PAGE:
Thursday, July 26, 2012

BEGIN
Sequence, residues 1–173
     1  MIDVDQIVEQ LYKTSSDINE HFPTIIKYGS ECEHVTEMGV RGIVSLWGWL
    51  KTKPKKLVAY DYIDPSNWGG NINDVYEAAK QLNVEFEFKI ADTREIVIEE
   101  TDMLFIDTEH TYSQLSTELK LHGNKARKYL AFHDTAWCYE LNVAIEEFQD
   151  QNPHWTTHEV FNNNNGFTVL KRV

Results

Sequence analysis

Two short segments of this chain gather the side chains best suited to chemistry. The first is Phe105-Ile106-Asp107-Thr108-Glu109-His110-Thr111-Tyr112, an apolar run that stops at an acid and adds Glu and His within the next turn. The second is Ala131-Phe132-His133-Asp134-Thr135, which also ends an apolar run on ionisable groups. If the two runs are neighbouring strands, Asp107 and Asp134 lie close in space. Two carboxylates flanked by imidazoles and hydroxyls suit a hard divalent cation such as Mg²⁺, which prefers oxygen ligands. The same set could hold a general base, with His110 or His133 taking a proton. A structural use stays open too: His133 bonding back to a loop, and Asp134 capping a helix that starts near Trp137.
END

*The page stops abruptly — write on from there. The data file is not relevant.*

What does it mean to be blessed? That question has haunted our team this afternoon and evening. As we drove through the roads of Kabanana District - a very impoverished community north of Lusaka- we were once again overwhelmed with the poverty and human need. People rolling barrels of water; washing clothes in small wash tubs filled with brackish water'; men mixing concrete and making blocks; children running beside our bus , wearing dirty clothes and barefoot; and people walking everywhere make up the teeming human landscape that swirls in slow motion among the small shacks, vendor stands, taverns and ramshackle stores that make up this area. When we arrived at Healing Place School. the first person I saw was busa (Pastor) John and his wife Thenny After warm hugs and tears of joy, they began to show us around the property that is known as Healing Place. The two most obvious features (besides the excited children) were the completed classroom building and the water tower that supports the 3.000 litre water tank. Underneath the tank was a phalanx of blue water barrels waiting to be filled to serve a local family's water needs. A young girl was patiently drawing a small stream of water from one of he two spigots. The water was clear,fresh, and life-giving but hardly flowing enough to provide the needs of all those who will come to draw water. We soon found out that our first task would be to pull the300 feet of pipe out of the well and make repairs to the pump. That is another story all together. After a great deal of debate about how to fix it, and a welcome ceremony by the students that included poetry, songs and dance, the pump was fixed. Just in time to realize that a government enforced rolling blackout had turned of power to the area and so water could not be drawn until power was restored. Sigh! John and Thenny endure incredible obstacles. Not only do the shepherd a congregation that is growing and is made up of local people who have many needs, they have taken on main responsibility for the school and the well. That means sleeping in the well's guard house while their own children plus others they care for sleep alone in the family;s house about a half mile away. Such are the sacrifices they make on behalf of the entire community. Tomorrow (Friday) will be a difficult work day as we begin the building the toilet building. First order: moving blocks, sand and gravel from the piles where it now sits to the site where the 10 foot deep hole is. Then it will be mixing concrete and laying the foundation. And of course, don't forget the children. Which brings me back to my original question. What does it mean to be blessed? You see, one of the children - John and Thenny's son - bears the name blessing. He lives in a small 3 room house and sleeps on the floor. He has no running water. He wears the same clothes day after day and watches over his brothers, sisters and many of the other children. He has little of what we in America have and would call blessing. We often associate that word with financial comfort, peaceful secure lives, roofs over our heads, and abundant food to eat. If that is what it means to be blessed, then is this boy - Blessing - not blessed? His life and the lives of so many others who live in abject poverty would say God has blessed them and I cannot disagree. Blessing for us means prosperity, power, and possession. But Jesus defines blessing differently. Don't believe me - read the Sermon on the Mount and the Beatitudes. Blessed are the poor in spirit, those who are meek, who hunger and thirst to experience God's righteousness, who are merciful; those who seek to make peace among others and who, in spite of difficulties "bless" others including those who persecute them and revile them. We have so much to learn from our friends here in Zambia; not the least of which is the lesson of knowing what true blessing is. I pray that when I am tired and hot and my muscles are aching from work and the intense sun is bearing down that I may be reminded of the many ways that I am being blessed by the lives of these sweet innocent children and by an inner spirit that we have seen in so many Africans. People like Chimwewe whose very name means "joy," by the young man Blessing or by George whose quiet, radiant faith shines through in all he says and does. These are the blessed. They are blessing us. Thank you Lord for this reminder of your reality. May it finds its truth etched in my heart as I remember the three toddlers perched contentedly on my lap as I gave them "horsey rides, the look of joy on Pastor Johns face as he greeted me and spoke with genuine thanks for all I had done for him. May I see real blessing in the lives of those who will line up for water today. May I in some way bless others as much as I am blessed. I apologize for the fact that blogger is not allowing me to post my pictures. I will keep trying but in the mean time, you can see some at my Facebook page or Lauren Hardman's

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